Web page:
Lined with some 130 miles of Atlantic coast, New Jersey – nicknamed the ‘Garden State’ owing to its rich agricultural heritage – is the only US state surrounded by water on three sides, making it a haven for those who enjoy the waterside lifestyle. A number of its small towns that sit by the water are popular with visitors, though many of them – for better or worse – remain off the tourism radar. Venture inland and the story is similar, with a diverse mix of towns, some remaining sedate and others bustling with activity.
In our article below we’ve picked out 12 New Jersey towns that emanate character and charm. With so many contenders to choose from, our task was tough, so we made our own criteria, including only picking towns with populations below 20,000. We also ensured our list included an assortment of beach towns and non-beach towns, to provide maximum variety. Finally, we conducted extensive research by seeking out travel writing and photography on towns across the state before coming up with our final pick. The results, in alphabetical order, are below.
Perched between the Delaware and Pequest rivers, Belvidere in Warren County is one of New Jersey’s most visually distinctive small towns, owing to its wide spread of eye-catching Victorian architecture. Tree-lined public parks and numerous antique stores add to the character and charm, while the town’s riverside setting invites top class trout fishing opportunities, as well as other water-based activities including boating, canoeing, tubing, and rafting.
Pleasing on the eye all-year-round, it is Autumn when Branchville truly comes into its own, as the foliage changes colour, lining trees with dazzling speckles of orange, red and yellow. To experience the town at its Autumnal best, venture to Stokes State Forest, a popular spot for hikers and families enjoying a picnic in scenic environs, or the 70,000-acre Delaware Water Gap National Recreation Area, which has the picturesque waters of Delaware River flowing freely through it.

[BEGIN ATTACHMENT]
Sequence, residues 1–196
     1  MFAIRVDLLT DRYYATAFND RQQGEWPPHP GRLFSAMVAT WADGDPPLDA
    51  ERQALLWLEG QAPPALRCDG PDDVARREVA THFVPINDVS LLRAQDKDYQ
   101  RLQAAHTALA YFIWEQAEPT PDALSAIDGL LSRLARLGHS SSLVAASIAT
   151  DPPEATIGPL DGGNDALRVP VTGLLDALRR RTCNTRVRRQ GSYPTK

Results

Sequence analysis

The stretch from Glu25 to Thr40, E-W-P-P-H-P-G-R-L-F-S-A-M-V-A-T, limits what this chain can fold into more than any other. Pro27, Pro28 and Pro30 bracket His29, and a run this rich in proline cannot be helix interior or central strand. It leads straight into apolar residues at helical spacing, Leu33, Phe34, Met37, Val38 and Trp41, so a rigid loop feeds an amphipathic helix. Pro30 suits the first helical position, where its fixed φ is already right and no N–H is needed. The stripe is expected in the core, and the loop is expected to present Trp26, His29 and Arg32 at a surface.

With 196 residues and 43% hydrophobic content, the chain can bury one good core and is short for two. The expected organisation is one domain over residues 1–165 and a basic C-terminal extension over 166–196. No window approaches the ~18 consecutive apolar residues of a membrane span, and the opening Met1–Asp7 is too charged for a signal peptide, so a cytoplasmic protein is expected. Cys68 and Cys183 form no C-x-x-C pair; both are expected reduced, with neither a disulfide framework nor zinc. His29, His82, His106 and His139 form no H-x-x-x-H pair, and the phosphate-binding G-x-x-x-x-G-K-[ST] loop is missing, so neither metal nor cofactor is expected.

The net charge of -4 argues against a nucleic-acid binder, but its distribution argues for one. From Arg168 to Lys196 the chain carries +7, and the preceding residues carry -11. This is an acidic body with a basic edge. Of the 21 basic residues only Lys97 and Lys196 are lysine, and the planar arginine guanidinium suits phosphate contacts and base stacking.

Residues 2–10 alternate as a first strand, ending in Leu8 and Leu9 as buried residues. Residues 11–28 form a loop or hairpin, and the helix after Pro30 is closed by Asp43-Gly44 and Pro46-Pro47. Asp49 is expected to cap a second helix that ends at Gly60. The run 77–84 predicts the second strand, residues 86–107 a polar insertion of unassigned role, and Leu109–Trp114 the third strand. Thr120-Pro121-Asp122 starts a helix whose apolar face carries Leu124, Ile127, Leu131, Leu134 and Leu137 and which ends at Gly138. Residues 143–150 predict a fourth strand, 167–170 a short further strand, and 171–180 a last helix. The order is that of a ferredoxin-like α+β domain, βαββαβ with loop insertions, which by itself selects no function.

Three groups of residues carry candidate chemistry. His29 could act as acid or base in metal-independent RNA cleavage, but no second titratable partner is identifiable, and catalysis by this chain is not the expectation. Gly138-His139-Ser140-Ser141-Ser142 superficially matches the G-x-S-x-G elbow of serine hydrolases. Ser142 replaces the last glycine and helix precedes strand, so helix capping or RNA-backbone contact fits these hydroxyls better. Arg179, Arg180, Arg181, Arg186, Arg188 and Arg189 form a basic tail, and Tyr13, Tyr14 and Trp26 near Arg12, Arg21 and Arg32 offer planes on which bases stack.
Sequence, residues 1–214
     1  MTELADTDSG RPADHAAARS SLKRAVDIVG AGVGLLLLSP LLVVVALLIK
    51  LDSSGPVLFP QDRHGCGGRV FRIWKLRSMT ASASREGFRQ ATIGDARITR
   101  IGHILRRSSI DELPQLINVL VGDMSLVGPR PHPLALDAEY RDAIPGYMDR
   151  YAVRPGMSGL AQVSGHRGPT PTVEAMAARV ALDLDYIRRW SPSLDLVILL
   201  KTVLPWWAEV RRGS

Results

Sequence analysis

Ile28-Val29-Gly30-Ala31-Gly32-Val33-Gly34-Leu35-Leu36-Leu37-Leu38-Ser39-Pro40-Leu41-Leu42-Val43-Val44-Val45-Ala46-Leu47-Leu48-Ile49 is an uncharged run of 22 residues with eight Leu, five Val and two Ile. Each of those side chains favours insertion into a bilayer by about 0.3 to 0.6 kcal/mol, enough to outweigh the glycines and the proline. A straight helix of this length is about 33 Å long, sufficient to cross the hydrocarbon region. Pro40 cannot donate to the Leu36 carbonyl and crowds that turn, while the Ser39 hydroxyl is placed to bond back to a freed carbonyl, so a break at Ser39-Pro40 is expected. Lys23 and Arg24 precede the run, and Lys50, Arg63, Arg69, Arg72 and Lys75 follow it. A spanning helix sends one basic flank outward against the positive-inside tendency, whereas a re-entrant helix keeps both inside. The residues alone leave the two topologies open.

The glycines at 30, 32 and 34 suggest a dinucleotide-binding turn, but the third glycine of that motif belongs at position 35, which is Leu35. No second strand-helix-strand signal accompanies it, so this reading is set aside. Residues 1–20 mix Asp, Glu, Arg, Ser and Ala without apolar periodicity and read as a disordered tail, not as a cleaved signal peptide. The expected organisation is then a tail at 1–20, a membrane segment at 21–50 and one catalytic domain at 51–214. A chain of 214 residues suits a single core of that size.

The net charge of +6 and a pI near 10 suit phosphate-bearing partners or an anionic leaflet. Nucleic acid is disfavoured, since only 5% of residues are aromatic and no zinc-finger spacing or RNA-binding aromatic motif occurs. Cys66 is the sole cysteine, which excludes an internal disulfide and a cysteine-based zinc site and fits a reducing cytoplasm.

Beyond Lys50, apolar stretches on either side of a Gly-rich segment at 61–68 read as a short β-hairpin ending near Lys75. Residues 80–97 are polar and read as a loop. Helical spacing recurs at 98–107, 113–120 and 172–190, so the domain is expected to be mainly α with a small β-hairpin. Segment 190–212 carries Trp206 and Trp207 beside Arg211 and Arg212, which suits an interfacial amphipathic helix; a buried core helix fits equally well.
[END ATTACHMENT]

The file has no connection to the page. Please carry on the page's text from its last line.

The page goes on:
Whether it’s exploring verdant green wetlands, ambling through the atmospheric downtown district, visiting one of its myriad museums and cultural institutions, or simply reclining on the sand, Brigantine Beach has a little bit of everything. Located ocean side in Atlantic County, the shore town is particularly popular with families seeking outdoor adventure, while the Marine Mammal Stranding Center is a superb resource for capturing childrens’ imaginations about the natural world.
Nestled deep in New Jersey’s picturesque southern farmlands, the town of Mullica Hill retains strong links to its past through the numerous well-preserved historic landmarks, buildings and residential homes that remain here, some dating back to the town’s 17th century beginnings. Indeed, such is Mullica Hill’s commitment to conserving its heritage that the entire town is on the National Register of Historic Places. Meanwhile dozens of quaint antique shops, plus farm-to-table restaurants and a diverse annual programme of family-friendly events, add to the town’s enduring appeal.
Nestled in Morris County, a few miles off the scenic Route 206 highway, the township of Chester is a popular stopping point for those passing through New Jersey and keen to stretch their legs during the long drive. Teeming with charming shops and restaurants, the town is ideal for a leisurely stroll, perhaps stopping for some ice cream and casual people watching, or picking up a gift or souvenir from one of the unusual boutiques that line its pedestrian-friendly lanes.